Mills excited, nervous about big league camp

With KC Royals pitchers and catchers set to officially report to Surprise for spring training tomorrow, I figured now is a great time to catch up with right-hander Alec Mills.

Mills was added to the Royals 40-man roster this offseason after a solid first full season back from Tommy John surgery (and actual first full season in professional baseball), which was spent at High-A Wilmington.

Alec Mills

Right-hander Alec Mills pitching in spring training 2015 (Jen Nevius).

“My agent and others were very confident in the idea of me being added [to the 40-man roster],” Mills said, “but I was trying to keep a level head about it all.”

What was his first reaction to being added to the 40-man roster?

“It was a great feeling that’s for sure. I think thankful is a good word. Thankful to the front office for giving me a chance. Thankful for being healthy and thankful to my family and friends for being supportive and helpful. Without any of that, I wouldn’t be anywhere.”

Mills was a midseason Carolina League All-Star and went 7-7 with a 3.02 ERA (fourth in the CL) over 21 starts (113.1 innings). Opponents hit .271 against him (just three home runs), he walked just 14, and struck out 111 (fourth in the CL).

“I think I definitely accomplished what I set out to do,” Mills said, regarding his 2015 season with the Blue Rocks. “I had a full, healthy season (mostly) and I pitched the way I know I can. And kind of fought through the bad stretches and rode the highs. It was my first real experience at that long season.”

Mills was off to a great 2013 season with Low-A Lexington (1.59 ERA in 18 games, with 47 strikeouts, just nine walks, and opponents hitting just .172 against him), even earning South Atlantic League All-Star honors. However, he last pitched on June 14th, succumbing to Tommy John surgery and not returning to the mound until a year later with rookie level Idaho Falls.

Alec Mills BR

Blue Rocks pitcher Alec Mills on April 28, 2015 (Jen Nevius).

I had never seen Mills pitch prior to Tommy John surgery, so I was wondering if he was any different now as a pitcher. “I don’t think the difference is drastic,” Mills said. “My changeup kind of took a big leap this last year so naturally I leaned on it a little more, whereas before surgery, I was more a slider guy. And through the process of rehab and that long time off the mound, I think I learned to pitch better than just throw.”

Being added to the 40-man roster means Mills will be in big league camp for the first time. Is he nervous or excited?

“I think I’d be lying to you if I didn’t say both. But I definitely think more excited than anything. It’s a great opportunity that I don’t wanna take for granted.”

“I feel good,” Mills said when I asked how he feels heading to spring training. “Everything feels fresh, mentally ready to get back to season mode.” He has already been throwing, even off the mound a few times before heading to Arizona.

Being a newbie in big league camp means it is a great time to learn from the veterans. Is there one pitcher he would like to pick his brain?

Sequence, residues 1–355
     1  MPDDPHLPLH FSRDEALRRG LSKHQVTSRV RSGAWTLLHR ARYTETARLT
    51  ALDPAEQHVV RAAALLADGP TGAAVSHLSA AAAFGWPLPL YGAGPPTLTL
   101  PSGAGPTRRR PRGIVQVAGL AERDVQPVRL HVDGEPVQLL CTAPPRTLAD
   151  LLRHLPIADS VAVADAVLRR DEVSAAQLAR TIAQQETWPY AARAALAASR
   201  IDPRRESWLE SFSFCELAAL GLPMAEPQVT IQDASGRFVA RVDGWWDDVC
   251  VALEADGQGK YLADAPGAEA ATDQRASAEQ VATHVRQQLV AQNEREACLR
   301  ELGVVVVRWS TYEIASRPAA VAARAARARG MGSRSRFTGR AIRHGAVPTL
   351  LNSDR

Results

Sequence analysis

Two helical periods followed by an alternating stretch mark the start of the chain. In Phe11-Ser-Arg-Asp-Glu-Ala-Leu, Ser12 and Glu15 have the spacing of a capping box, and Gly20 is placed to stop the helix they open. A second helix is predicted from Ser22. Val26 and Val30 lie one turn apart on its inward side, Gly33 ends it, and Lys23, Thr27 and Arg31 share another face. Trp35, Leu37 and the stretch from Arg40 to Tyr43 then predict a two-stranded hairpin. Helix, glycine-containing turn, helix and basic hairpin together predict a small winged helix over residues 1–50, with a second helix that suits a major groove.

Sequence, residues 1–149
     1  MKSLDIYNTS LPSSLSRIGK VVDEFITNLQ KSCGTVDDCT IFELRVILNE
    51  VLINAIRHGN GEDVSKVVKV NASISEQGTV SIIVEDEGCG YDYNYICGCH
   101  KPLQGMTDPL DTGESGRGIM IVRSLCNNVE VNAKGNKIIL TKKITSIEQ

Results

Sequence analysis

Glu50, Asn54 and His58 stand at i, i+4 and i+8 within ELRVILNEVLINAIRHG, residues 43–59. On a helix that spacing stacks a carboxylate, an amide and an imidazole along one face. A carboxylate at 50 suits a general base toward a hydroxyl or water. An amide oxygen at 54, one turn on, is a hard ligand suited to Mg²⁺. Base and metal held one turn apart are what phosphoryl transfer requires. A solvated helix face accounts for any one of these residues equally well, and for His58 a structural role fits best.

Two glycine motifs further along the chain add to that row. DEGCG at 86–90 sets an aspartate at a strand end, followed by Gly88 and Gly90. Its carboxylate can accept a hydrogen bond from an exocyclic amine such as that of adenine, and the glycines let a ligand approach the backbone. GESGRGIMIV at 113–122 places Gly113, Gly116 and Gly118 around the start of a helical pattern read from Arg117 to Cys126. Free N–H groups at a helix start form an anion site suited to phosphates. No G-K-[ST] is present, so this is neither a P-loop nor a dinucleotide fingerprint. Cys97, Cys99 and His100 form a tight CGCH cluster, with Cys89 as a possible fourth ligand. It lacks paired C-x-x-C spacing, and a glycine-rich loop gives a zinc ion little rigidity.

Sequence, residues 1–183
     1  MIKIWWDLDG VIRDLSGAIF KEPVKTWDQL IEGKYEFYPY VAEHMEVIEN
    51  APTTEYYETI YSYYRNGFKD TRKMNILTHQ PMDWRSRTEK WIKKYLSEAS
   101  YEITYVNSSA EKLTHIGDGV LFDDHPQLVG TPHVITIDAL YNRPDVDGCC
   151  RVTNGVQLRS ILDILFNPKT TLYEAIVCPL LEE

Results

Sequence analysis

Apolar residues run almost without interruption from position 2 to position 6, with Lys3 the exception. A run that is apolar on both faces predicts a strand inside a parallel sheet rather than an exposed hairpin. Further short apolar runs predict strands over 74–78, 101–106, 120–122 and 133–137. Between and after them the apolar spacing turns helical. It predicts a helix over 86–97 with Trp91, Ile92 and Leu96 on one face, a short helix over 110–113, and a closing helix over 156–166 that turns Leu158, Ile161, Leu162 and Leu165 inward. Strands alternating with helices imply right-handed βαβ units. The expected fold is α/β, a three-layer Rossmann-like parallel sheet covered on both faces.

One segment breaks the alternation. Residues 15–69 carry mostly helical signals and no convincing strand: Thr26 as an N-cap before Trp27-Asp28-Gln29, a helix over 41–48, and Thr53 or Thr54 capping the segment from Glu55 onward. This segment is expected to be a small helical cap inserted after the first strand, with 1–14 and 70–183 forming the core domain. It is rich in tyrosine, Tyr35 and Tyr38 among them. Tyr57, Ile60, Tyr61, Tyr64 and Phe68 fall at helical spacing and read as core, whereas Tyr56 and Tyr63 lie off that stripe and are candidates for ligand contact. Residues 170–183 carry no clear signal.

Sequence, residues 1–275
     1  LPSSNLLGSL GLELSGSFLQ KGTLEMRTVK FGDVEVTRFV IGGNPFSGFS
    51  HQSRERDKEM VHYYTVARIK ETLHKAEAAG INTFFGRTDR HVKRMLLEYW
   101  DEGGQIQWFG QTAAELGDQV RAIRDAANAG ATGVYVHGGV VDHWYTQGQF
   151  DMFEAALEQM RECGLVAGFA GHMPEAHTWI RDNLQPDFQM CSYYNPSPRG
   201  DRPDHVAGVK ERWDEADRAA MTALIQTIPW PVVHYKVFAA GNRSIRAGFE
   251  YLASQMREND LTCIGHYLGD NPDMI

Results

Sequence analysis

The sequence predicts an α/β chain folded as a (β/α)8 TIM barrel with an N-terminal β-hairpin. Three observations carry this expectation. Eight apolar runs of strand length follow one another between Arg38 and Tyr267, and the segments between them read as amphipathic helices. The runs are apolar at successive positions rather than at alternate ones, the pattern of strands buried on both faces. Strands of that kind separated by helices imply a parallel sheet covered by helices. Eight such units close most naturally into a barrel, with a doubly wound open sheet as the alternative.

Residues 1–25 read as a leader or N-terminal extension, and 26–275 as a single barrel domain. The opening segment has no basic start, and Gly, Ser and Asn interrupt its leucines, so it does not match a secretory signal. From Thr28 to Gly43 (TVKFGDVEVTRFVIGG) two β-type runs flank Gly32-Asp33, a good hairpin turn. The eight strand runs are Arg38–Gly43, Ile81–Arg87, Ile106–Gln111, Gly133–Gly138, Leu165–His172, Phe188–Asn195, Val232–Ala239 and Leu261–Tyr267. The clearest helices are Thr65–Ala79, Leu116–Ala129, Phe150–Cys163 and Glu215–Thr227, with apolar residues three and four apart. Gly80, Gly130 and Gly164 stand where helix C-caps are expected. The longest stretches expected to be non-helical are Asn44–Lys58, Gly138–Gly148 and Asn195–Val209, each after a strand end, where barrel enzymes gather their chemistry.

“Man. There’s a lot of guys there that could do nothing but help me develop as a pitcher. I think a lot depends on what kind of pitcher I want to be. I mean, Wade Davis has been the most dominant pitcher in baseball the last two years. There are some veterans like Chris Young and Jason Vargas.” Not bad choices to learn from.

In Baseball America’s 2016 Prospect Handbook, Mills ranks 12th among the Royals top 31 prospects. In the blurb they wrote about him, they see Mills as a possible emergency starter for the Royals by the end of this season.

“Yeah that is a goal of mine,” Mills said in terms of getting to the Majors this season. “It’s the dream of every one of us that plays baseball. But at the end of the season, if I had a successful, healthy season and also feel like I became a better pitcher, than I think that’s a successful year. I am most definitely going to make a push at Kansas City this year.”

 

In the offseason, Mills gives pitching lessons for kids that go to his old high school. Is it hard to work with high schoolers?

“There’s not many aspects that are tough. They listen pretty well and love the game. The kids that come love pitching so they are trying to become the best possible player they can.”

Mills 9-3-15

Alec Mills pitching on September 3, 2015 for Wilmington (Jen Nevius).

Being a former walk on at Tennessee-Martin and a 22nd round draft pick, did he have any advice for kids who are often overlooked, yet have talent?

“Don’t let anyone work harder than you. And have the mindset that nobody is better than you.”

That’s good advice and hopefully he takes that mindset into spring training and the 2016 season (and beyond).

If you happen to check out Royals spring training in Surprise or see games in which Mills pitches during the season, you may notice something a little different. At the end of last season, he started wearing glasses and assured me that he will be wearing them again in 2016: “Rick Vaughn style.” Though I don’t think the Royals will let him go full Rick Vaughn (Charlie Sheen in the movie Major League).

 

Best of luck to Alec and hopefully we will see him in Kansas City before too long!

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About Jen Nevius

I first became a KC Royals fan way back in 1995 when I attended my first Wilmington Blue Rocks game. I fell in love with minor league baseball then and began following the Royals as former Blue Rocks clawed their way to the big leagues. 3+ years ago I started covering the Royals for Aerys Sports, but since the site has been shut down, I am going out on my own.
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